Abstract

Although life expectancy for patients with sickling hemoglobinopathies has been improving in recent years, these patients continue to suffer significant morbidity throughout their lives, and pain is a prominent feature of these disorders. It has been shown that, in the primary care population, patients with the highest risk for sleep disturbances include those with pain (

Alattar M, et al.,
J Am Board Fam Med
,
2007
, Vol
20
, pp
365
–74
). It has also been reported that patients with sickle cell diseases have clinical features which resemble fibromyalgia syndrome (
Schlessinger N,
J Rheum
,
2004
, Vol
31
, pp
598
–600
); fibromyalgia syndrome is characterized both pain and impaired sleep, among other features. In order to further investigate sleep disorders in sickle cell disease patients, patients in a sickle cell disease clinic were asked to complete the Pittsburgh Sleep Quality Index (PSQI) questionnaire.

Methods: Using a form IRB-approved specifically for this study, the PSQI was offered to patients in a sickle cell disease clinic, and completed anonymously.

Results: 20 patients completed the PSQI with responses meaningful for analysis; they ranged in age from 21 to 50 years. On average, patients reported very poor overall quality of sleep; the mean Global PSQI score was 11.8 (S.D.4.8); this is as compared to historical, healthy control subjects who had a subjective mean Global PSQI score of 2.6. (

Buysse D et al,
Psychiatry Research
,
1989
, Vol
28
, pp
193
–213
). All respondents reported that pain contributed to poor sleep at least once during the month prior to the survey, and half of the patients reported that pain contributed to poor sleep at least three times in the week prior to the survey. Fifty percent of those surveyed reported no sense of nocturnal dyspnea whatsoever; only 3 individuals reported that they felt that dyspnea contributed to poor sleep three or more times in the week prior to the survey, and frequent daytime somnolence was reported by only 10 percent of sickle cell patients responding to the survey. Habitual sleep efficiency appears poor in these patients, and subjective sleep quality is also reported as generally poor.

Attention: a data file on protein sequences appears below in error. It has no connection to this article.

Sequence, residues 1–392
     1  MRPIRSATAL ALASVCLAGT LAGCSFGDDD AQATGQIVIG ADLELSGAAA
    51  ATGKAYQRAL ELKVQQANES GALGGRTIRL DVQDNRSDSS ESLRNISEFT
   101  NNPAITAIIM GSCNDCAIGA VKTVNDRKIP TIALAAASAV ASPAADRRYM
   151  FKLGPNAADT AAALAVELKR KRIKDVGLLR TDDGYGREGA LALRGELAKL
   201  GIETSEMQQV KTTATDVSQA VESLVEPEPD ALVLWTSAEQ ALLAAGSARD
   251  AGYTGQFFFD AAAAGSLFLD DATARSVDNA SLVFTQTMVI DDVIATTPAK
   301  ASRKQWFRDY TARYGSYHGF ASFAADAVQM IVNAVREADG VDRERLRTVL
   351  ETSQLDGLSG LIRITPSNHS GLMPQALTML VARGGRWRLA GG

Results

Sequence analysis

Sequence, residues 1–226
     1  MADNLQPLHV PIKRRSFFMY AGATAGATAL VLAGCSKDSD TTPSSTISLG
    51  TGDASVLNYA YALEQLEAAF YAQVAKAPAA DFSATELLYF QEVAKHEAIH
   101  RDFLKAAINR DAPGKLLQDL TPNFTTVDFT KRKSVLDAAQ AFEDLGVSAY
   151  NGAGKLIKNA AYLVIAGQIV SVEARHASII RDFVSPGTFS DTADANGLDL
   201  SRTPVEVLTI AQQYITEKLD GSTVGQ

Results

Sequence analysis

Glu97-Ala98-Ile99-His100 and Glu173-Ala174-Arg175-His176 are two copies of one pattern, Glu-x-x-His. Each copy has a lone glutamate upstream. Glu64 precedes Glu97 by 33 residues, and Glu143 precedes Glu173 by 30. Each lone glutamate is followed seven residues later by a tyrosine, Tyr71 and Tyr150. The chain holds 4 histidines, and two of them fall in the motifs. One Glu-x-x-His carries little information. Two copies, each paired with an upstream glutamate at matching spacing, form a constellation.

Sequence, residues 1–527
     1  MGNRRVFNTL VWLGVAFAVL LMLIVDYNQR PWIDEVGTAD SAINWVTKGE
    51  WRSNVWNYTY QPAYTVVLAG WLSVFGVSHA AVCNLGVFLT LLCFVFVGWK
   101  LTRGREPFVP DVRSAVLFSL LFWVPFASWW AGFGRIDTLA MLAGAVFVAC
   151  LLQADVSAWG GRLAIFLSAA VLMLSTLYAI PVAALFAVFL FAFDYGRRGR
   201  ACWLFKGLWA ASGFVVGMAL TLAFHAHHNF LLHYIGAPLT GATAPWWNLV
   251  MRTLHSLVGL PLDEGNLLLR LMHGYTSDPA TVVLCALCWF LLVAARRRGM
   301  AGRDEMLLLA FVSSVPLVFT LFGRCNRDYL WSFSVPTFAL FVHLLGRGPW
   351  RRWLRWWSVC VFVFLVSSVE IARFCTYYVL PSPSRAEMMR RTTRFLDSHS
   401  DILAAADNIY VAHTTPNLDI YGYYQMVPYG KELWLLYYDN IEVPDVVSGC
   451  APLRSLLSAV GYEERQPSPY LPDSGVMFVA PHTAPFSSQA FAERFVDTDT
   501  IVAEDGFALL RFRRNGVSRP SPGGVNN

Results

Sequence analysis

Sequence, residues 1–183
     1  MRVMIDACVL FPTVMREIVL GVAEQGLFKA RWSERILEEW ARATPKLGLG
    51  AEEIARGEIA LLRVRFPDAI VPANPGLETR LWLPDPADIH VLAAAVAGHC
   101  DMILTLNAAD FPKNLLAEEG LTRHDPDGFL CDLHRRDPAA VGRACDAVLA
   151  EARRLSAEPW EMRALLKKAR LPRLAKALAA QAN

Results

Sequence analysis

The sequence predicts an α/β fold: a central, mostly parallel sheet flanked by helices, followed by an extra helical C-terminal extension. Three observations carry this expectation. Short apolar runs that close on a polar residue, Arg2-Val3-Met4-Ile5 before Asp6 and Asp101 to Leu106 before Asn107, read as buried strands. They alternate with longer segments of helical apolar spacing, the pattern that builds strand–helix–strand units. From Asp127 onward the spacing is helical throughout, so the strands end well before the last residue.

Conclusions: Sleep disturbances appear to be very common in sickle cell disease patients, and some, but not all, aspects of these sleep disturbances resemble the characteristics of sleep impairment seen in patients with fibromyalgia syndrome (

Osorio C, et al.,
J Rheum
,
2006
, Vol
33
, pp
1863
–65
). Although sleep impairment in patients with sickle cell diseases has been attributed to sleep apnea syndromes in a subset of patients with sickle cell diseases, sleep disturbance associated with pain in sickle cell disease appears to be more widespread than could be explained by sleep apnea syndromes. Sleep disturbances associated with pain in sickle cell diseases may in turn lead to further exacerbation of symptoms arising from poor sleep. Interventions to improve sleep may reduce overall pain in these patients, as appears to be the case for patients with fibromyalgia syndrome (
Rooks D,
Curr Opin Rheum
,
2007
, Vol
2
, pp
111
–17
).

Author notes

Disclosure: No relevant conflicts of interest to declare.